#ReclaimYourDomain will initially employ a handful of modules, but eventually could provide access to a robust library of common or niche components. While the goal is to empower users to set up application within their domain, the platform will easily support common cloud services like Tumblr, Flickr, Evernote and others--with the intention of educating users about the pros and cons of each service, with clear migration paths between resource services and various locations.
Each domain module will come complete with setup, management, migration and even backup, storage and syndication options allowing each module to work independently while providing domain owners with the largest amount of control.
All domain modules will have their own learning objects to support educating users about all the parts and pieces of domain literacy, exposing the technology, business and political layers each resource and its underlying services possess.
Currently Jim, Audrey and I have a mocked up version of #ReclaimYourDomain Hub and a #ReclaimYourDomain domain site. All the buttons and lnks work, so make sure and click around to see it in action. I need to gather my thoughts from the project, then I will be publishing all #ReclaimYourDomain code and a framework for planning via Github.
#ReclaimYourDomain is not just about setting up a domain and blog. It is much more than that. It is meant to be a hands on, digital literacy platform to teach anyone about reclaiming, owning and managing their online domain.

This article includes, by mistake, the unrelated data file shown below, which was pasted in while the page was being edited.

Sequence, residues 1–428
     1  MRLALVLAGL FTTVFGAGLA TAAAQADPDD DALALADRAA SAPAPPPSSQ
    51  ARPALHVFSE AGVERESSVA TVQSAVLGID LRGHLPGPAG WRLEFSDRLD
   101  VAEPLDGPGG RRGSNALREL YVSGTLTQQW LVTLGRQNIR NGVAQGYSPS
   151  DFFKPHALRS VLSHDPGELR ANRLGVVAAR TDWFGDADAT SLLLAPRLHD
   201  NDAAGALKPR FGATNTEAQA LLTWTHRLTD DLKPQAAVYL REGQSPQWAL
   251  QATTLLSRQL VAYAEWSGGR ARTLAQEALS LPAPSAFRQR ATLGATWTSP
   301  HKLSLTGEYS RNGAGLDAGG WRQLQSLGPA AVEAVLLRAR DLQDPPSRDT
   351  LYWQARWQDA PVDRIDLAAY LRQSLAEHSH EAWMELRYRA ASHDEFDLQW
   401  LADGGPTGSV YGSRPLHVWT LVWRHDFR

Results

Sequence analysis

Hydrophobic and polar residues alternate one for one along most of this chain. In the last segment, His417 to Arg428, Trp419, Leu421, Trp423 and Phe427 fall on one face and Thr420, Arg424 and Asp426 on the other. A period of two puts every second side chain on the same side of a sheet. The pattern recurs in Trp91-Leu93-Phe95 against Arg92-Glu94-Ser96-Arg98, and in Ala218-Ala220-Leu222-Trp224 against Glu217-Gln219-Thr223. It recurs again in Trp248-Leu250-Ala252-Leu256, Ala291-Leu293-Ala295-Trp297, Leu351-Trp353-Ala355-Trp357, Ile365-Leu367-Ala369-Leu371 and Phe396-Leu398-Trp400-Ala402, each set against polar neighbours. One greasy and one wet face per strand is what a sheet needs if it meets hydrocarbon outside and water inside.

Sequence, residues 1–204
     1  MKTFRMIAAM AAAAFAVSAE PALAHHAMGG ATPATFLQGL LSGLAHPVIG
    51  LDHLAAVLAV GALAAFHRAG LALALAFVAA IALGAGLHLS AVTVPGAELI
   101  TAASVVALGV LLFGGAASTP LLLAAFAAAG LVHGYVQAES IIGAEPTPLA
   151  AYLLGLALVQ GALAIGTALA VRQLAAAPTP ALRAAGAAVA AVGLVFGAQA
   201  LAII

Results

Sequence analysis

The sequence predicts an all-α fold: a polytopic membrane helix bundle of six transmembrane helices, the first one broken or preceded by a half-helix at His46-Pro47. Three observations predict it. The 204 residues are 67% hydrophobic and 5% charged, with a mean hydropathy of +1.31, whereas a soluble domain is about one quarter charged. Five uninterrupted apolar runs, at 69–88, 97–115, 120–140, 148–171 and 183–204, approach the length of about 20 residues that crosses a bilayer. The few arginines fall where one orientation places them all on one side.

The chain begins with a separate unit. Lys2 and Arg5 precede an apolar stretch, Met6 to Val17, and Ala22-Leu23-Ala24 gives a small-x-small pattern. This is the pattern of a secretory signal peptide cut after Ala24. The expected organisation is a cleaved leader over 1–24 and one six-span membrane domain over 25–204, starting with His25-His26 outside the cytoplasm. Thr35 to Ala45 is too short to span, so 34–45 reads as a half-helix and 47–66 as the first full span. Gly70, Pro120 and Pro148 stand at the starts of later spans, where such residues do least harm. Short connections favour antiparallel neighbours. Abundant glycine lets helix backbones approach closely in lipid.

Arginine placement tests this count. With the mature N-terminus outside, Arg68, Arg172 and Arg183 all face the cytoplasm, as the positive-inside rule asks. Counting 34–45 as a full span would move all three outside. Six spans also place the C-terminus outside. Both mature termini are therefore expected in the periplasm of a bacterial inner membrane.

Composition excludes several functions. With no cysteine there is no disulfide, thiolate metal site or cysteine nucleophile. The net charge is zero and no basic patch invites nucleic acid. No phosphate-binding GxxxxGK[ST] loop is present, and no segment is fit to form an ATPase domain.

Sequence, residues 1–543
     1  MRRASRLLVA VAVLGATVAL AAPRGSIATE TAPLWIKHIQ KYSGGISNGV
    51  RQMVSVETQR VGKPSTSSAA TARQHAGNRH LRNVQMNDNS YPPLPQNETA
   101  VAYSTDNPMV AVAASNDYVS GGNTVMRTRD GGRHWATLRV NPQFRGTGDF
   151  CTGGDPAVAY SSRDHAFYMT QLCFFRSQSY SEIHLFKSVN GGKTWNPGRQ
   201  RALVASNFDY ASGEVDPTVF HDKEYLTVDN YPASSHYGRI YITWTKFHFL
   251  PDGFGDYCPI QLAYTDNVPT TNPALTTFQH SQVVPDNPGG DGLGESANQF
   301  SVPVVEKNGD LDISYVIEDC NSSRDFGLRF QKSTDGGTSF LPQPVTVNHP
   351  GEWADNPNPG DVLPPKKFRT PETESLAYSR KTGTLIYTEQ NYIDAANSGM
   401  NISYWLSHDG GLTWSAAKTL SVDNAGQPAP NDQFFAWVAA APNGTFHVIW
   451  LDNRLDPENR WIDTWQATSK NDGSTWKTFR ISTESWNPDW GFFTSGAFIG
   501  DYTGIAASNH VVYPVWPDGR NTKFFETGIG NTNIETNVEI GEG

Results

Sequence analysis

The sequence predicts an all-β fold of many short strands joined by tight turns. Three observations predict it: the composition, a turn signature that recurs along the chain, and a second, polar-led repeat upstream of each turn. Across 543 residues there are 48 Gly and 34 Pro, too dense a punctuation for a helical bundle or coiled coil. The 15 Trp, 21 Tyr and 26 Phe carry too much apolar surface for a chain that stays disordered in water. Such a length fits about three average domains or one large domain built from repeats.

Giving someone the ability to own their domain can look as simple as having a place to put your thoughts via a blog, but could also evolve into an aggregate location to store and link all of a peron's projects, allowing them to be used as part of your online CV and potentially a digital badge or credential system. The possibilities are really endless. However to achieve this vision, we have to educate people about the building blocks of a domain, the importance of taking control over essential services within your domain, and asserting ownership over as much of our personal data as we possibly can, through this enlightening process.
Stay tuned for more on #ReclaimYourDomain, and if you’d like to get involved feel free to contact me directly or stay tuned and I’ll have the Github project up shortly.